Has the fog started to clear? Can any sense be made of the claim and denial about extending the transition beyond 2020 to buy time to solve the customs relationship and the border?
The Guardian, RTE and the BBC all thinks so, reporting top level briefings from both governments at the EU summit in Sofia. Without overdoing it sounds like a modest breakthrough on the hitherto incompatible versions of the stopgap .
The longer term relationship involving a longer transition to perhaps 2023 remains problematical, with the EU concerned about a deal involving the single market and Brexiteers fearing too close a relationship with the EU inhibiting free trade deals with other countries, or even no Brexit at all.
Stalemate; deadlock; impasse – or as Jeremy Corbyn put it at PMQs on Wednesday, complete disarray. The narrative about Theresa May’s approach to Brexit and the customs union has barely changed for weeks.
Yet quietly, officials were congratulating themselves on Thursday about making incremental progress on a closely interlinked issue – the Irish border.
After media reports overnight, Theresa May issued a carefully worded statement as she arrived in Sofia, Bulgaria, on Friday, repeating the familiar statement that Britain will be “leaving the customs union”.
But Whitehall sources confirmed that away from the deadlocked Brexit war cabinet – her strategy and negotiations subcommittee – a fresh proposal has been agreed that Britain hopes would avoid a hard border in Northern Ireland, if all else fails.
This “backstop” was written into the December agreement between London and Brussels, at the request of Ireland. It commits Britain to “maintain full alignment with those rules of the internal market and the customs union which, now or in the future, support North-South cooperation, the all-island economy and the protection of the 1998 Agreement.”
What that will mean in practice needs to be spelled out in detail. The EU has published its own definition, which would involve Britain remaining in the single market and customs union – but May told parliament “no prime minister could ever agree” to that.
May and her chief negotiator, Olly Robbins, have won the backing of key ministers for a British counter-proposal.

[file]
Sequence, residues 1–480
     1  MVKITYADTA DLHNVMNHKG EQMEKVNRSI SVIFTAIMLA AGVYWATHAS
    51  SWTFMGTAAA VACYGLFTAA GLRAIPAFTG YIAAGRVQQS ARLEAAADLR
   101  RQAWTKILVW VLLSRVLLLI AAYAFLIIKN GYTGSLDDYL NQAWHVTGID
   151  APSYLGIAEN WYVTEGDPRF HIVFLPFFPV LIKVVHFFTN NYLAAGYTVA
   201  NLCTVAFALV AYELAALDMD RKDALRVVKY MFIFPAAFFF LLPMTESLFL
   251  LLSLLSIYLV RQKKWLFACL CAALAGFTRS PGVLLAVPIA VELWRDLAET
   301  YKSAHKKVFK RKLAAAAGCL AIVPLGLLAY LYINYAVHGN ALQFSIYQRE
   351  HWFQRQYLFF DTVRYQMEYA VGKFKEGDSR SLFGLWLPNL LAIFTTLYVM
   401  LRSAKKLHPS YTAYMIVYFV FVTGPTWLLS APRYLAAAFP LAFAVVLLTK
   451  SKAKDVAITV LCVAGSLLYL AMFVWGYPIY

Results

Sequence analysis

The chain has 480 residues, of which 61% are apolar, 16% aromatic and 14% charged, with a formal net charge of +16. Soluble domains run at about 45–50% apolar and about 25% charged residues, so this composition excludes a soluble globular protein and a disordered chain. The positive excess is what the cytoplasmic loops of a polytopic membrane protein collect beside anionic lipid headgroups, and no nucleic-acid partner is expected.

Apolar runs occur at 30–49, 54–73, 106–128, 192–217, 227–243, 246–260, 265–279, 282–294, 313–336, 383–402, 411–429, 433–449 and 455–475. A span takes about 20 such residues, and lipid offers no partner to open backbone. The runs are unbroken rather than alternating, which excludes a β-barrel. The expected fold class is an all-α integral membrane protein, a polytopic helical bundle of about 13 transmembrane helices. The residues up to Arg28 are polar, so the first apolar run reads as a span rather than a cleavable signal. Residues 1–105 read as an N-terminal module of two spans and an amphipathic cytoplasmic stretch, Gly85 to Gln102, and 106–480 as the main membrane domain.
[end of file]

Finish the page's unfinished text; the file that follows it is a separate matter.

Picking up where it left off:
If the backstop had to be enacted, Britain would agree to maintain the common external tariff – the import tax levied on goods coming into the EU, which is hated by the Brexiters – and align its regulations with Europe’s.
But Britain would seek to opt out of the common commercial policy, which prevents member countries from negotiating independent trade deals.
The government hopes this approach will meet the definition of the backstop set out in the December agreement – and that it could help win over Dublin, which would put pressure on Brussels to accept it.
Of course, none of this changes the fact that there are two conflicting visions of Britain’s post-Brexit customs arrangements within May’s inner cabinet.
HMRC officials have warned that even once a decision is made, neither of these options will be ready for the end of the transition in December 2020.
In that case, some in Whitehall believe the backstop, which was only included in the December deal as a last resort, could end up being a stopgap while the details are worked out – or in the case of the Brexiters’ preferred max-fac option, technology is developed.
It is unclear whether Brussels will be prepared to accept this half-in, half-out approach to the customs union – but it at least helps Downing Street to rebut claims that the government is paralysed in the face of Brexit.
To that end, David Davis’s DexEU has also announced that will publish a 100-page white paper in in coming weeks, setting out what the government hopes to get out of the negotiations.
If May really wants to get on the front foot before parliament breaks up for the Whitsun recess, there is one more gamble she could take.
On Thursday, while announcing the Commons business for the week ahead , the leader of the Commons, Andrea Leadsom, set aside time for considering Lords amendments on Tuesday and Wednesday, “if necessary”.